When I was growing up, my family attended the Unitarian Universalist Fellowship in Bakersfield, California. The congregation called itself a fellowship and were quick to point out that they were not a church. They seemed non-religious, even anti-religious. God and prayer were spoken of only in contempt and jest. And I remember distinctly noting that they called their meeting, ‘Sunday Services’ not ‘Worship Services.’ And so when I re-discovered Unitarian Universalism in a church that emphasized the centrality of worship, it was a new and wonderful experience. In time, worship became essential to my own life.

In answer to the question “Why worship?” I offer you my answer in a nutshell: Worship brings us together; worship offers hope; worship invites transformation.

Worship brings us together—in community. As a congregation, what ultimately defines us is not our building, nor the minister, nor even our beliefs or principles. The central aspect of our congregation is the people who come together week after week. You, who consistently come together, are the core of this congregation, and this is a dynamic entity that changes little by little with every new person who comes. When one among this core departs, a change also occurs. The tapestry we call community, the interweaving of the many relationships is what serves as the foundation.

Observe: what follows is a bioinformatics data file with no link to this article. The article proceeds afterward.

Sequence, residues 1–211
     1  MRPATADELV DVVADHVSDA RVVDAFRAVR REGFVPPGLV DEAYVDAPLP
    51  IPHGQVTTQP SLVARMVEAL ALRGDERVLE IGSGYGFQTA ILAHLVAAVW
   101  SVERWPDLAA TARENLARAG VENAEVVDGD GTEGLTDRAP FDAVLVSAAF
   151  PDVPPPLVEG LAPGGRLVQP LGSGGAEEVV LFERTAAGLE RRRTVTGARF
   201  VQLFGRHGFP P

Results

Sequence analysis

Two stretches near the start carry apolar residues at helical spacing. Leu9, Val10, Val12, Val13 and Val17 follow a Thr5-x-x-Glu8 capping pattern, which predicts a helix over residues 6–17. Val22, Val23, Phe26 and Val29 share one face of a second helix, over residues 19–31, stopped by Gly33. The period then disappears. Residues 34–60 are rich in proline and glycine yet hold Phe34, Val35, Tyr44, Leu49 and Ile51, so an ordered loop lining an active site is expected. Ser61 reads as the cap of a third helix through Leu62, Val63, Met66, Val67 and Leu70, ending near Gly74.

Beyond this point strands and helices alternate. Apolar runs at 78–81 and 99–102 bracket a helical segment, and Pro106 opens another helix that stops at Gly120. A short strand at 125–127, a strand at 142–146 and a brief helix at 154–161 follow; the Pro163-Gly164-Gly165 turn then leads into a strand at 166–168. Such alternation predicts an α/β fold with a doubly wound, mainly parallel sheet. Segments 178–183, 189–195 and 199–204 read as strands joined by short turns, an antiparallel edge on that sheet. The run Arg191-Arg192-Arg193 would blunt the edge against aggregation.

(Read on … )

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“we all offer gratitude and reverence to and for many things . . .”

Filed under: Sermons — Jess at 9:14 am on Friday, August 24, 2007

A frequent question in Unitarian Universalist churches is, “Well, if you don’t all believe in God, what do you go to church for?” The Rev. Dr. Matthew Tittle, from the Bay Area Unitarian Universalist Church in Houston, Texas, addresses this question in a sermon from last summer, “Why Atheists Go to Church.” This piece is also the title sermon of his forthcoming book, due out this fall.

You can find out more about Rev. Dr. Tittle at his website, and he also blogs for the Houston Chronicle at Keep the Faith.

Why Atheists Go to Church

by Rev. Dr. Matthew Tittle, June 11, 2006

Why would an atheist go to church? I know that this looks like just another catchy title for our marquee sign, but I have often been asked this question when people learn that we have a significant number of professed atheists in our congregations. I have an overly simplistic answer to this question: For the same reason everyone else goes to church.

Perhaps you’ve heard the story of Sam and the Rabbi. The Rabbi is talking to Sam, a regular attendee at temple, but an avowed atheist. The Rabbi says, “Sam, everybody knows you don’t believe in God, but I see you here every Sabbath. Why do you come to temple?” Sam says, “You know my friend Bernie? He comes to temple to talk to God. I come to talk to Bernie.”

I recently heard about an informal study of why people joined a particular church. They joined because the church was in the neighborhood, because a friend invited them, because they liked the windows, because they enjoyed the music, because the people were friendly, because the sermons were interesting, and so on. None said they joined because of their particular belief or disbelief in God or anything else. Some people do go to church to talk to God. Some people go to talk to each other.

(Read on … )